European Union and inheritance law
As European Union citizens become more internationally mobile, legal difficulties frequently arise in regards to international inheritance. In order to address these issues, EU Regulation 650/2012 was adopted. This regulation, which applies only to wills drafted on or after August 17, 2015, have been put in place to harmonize the rules on jurisdiction and the applicable law governing inheritance matters. The purpose of the regulation is to establish new legislation for European and international inheritance in matters of conflicts of jurisdiction and conflict of laws. The principle of the law applicable to the entire estate remains that of the state in which the deceased resided at the time of their death. Nevertheless, European regulation innovates in the introduction of “professio juris” – the right to stipulate which law that will govern the will contract.
The law applicable to the estate can be decided by the testator
In order to avoid situations akin to French law, which distinguishes between the applicable law of the last domicile for the furniture and the law of the country in which the real estate is situated for the inheritance of land and buildings, the 2015 regulation seeks to establish a unified law of inheritance. Thus, as of August 17, 2015, French law provides, pursuant to said Regulation, that the applicable law to any estate will be that of last place of testator’s habitual residence. The purpose of this law is to regulate the disposal of the entire estate, both movable and immovable. This principle also applies to states that aren’t members of the European Union. Therefore it will apply to any deceased who had his last habitual residence in Israel. However, under article 21.2 of the Regulations, it is provided that where an inheritance is manifestly closer to another state than that of habitual residence, the applicable law is that of the other state.
Also, if at the time of death the deceased did not have his habitual residence in an EU country, the jurisdictions in which the estate is situated remain competent to rule on the whole estate under two conditions:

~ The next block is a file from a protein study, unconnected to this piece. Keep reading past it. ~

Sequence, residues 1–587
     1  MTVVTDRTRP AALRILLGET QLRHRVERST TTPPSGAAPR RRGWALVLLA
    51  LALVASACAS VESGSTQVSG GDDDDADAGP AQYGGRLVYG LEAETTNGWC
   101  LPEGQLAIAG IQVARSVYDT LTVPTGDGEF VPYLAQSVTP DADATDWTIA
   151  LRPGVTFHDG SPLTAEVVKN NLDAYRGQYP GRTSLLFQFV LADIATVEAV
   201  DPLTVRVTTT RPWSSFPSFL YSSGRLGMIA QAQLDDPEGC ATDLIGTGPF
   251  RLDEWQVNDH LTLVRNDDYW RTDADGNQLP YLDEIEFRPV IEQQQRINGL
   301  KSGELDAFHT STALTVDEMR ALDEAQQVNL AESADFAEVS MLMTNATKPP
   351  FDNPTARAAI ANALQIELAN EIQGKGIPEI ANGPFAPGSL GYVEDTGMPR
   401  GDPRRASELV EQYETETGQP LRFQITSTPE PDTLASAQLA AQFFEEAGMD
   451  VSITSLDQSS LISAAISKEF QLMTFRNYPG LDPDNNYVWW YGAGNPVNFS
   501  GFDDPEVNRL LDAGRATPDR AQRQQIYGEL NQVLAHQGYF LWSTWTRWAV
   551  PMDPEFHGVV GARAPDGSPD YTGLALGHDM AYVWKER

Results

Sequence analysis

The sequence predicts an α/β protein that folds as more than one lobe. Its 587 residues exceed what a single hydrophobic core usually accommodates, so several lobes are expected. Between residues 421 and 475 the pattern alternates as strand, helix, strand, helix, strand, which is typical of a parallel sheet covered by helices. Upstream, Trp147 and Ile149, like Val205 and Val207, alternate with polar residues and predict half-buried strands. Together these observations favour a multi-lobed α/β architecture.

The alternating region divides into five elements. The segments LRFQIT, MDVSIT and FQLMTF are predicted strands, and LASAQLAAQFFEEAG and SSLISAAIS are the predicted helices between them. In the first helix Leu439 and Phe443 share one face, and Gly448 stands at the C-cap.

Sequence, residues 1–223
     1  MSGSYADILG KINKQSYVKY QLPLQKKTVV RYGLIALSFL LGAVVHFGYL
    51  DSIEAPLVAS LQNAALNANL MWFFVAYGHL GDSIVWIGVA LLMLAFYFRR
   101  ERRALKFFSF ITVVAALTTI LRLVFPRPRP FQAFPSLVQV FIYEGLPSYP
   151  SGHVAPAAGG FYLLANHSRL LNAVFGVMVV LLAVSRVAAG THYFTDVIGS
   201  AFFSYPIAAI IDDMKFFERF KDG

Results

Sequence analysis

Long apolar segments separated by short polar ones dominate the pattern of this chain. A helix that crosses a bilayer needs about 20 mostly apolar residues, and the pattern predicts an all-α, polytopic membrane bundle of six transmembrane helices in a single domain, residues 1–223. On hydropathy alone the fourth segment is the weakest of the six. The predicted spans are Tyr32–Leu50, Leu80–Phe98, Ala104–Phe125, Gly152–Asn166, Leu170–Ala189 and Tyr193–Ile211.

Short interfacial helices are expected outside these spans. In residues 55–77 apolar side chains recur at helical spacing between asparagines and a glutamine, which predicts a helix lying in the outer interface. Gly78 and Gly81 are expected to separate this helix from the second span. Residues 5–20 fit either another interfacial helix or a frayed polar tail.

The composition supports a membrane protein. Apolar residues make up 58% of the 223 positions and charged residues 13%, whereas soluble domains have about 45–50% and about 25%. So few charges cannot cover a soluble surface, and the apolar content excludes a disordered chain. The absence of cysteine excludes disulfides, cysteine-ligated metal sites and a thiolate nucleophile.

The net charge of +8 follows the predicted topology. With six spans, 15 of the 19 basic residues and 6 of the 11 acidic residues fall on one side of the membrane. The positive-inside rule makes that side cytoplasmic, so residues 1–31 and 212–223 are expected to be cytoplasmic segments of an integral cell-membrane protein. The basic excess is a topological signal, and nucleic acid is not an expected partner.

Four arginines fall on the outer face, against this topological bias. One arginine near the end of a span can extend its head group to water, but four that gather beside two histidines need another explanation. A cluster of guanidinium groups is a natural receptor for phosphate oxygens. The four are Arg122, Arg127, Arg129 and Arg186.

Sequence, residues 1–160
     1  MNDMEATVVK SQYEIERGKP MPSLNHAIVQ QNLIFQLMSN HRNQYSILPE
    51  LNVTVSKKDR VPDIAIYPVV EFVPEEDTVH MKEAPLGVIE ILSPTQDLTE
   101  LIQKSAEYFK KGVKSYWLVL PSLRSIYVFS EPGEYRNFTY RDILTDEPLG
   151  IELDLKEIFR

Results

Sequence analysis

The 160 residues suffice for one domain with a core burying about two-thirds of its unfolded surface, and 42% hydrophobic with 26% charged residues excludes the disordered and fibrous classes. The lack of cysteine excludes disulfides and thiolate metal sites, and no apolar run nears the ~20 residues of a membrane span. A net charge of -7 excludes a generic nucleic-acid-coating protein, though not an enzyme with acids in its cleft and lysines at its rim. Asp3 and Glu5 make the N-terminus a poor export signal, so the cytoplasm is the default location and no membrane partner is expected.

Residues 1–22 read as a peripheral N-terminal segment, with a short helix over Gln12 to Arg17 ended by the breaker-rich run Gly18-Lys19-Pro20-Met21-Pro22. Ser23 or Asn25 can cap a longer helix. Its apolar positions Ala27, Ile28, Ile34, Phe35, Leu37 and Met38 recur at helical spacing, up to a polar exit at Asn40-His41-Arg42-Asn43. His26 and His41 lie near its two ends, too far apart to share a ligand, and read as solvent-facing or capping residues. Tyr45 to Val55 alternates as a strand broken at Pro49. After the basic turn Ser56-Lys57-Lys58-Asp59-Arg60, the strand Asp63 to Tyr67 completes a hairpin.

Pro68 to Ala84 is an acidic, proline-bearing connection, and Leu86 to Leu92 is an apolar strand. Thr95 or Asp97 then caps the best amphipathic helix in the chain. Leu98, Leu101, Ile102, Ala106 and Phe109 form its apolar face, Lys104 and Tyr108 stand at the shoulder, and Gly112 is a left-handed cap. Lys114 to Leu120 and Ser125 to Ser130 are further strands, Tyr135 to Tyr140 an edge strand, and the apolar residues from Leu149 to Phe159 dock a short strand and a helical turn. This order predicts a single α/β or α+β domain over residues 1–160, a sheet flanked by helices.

- – If the deceased was a resident / citizen of that state at the time of death;
- – If the deceased was previously a resident of this EU country and less than 5 years have elapsed since their change of residence. Consequently, a person who habitually resides in Israel but possesses property in France will have his estate be subject to French law if both conditions are met.
When the last domicile of the deceased is located in France at the time of their death, the law French law is applicable to movable property, since the right of the last domicile takes precedence.
The choice of applicable estate law: professio juris
The provisions of Article 22 of the Regulations state that a citizen residing abroad may choose to submit their entire estate to the the law of the country of which he is a national at the time writing their will or at the moment of their death. Thus this new regulation allows the testator to choose which law will be applicable to the disposal of his estate. However, as of August 17, 2015, the testator will no longer be able to enforce the law of the state in which they have a habitual residence at the time of writing their will. The designation of a law under which the testament will be adjudicated must be made expressly in the will, which must be valid according to the law of the chosen country.
This choice of national law has the advantage of stability, since the change of residence will not call into question the settlement of the estate. In this respect, the principle of liberty of inheritance is much more important in Israeli law than in French law. Israeli legislation grants the deceased much more liberty in the drafting of their will, removing any obligation of reservation of parts of the estate to the children or to the spouse of the testator.
Finally, it is important to point out that whichever country the deceased was a resident of at the time of their death will tax the estate.
If you have questions for an Israeli lawyer who is an expert in Israel inheritance law, please contact Cohen, Decker, Pex, Brosh. Our law firm in Jerusalem and Petakh Tiqua is dedicated to providing exceptional service.
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